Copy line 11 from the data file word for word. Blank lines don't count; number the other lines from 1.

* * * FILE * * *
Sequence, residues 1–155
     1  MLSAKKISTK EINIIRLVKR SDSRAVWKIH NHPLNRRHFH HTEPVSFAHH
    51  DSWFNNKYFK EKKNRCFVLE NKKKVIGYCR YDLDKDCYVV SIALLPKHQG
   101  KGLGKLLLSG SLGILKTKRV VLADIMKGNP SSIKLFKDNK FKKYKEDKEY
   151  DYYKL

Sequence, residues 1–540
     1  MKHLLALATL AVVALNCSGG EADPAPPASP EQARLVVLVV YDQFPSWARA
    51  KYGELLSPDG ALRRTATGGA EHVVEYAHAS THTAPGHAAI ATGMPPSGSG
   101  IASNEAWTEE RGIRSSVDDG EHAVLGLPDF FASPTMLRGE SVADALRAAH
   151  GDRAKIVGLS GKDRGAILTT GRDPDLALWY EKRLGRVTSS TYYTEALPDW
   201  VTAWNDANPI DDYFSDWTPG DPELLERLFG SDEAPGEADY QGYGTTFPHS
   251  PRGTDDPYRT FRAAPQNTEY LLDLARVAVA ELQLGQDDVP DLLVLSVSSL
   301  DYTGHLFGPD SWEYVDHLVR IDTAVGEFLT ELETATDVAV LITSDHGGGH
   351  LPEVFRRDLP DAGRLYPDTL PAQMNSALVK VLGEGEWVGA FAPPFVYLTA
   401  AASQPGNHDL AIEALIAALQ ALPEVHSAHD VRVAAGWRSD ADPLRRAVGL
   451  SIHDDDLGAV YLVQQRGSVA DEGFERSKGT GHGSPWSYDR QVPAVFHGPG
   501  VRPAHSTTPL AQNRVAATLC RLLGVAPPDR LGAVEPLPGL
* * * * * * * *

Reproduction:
   201  VTAWNDANPI DDYFSDWTPG DPELLERLFG SDEAPGEADY QGYGTTFPHS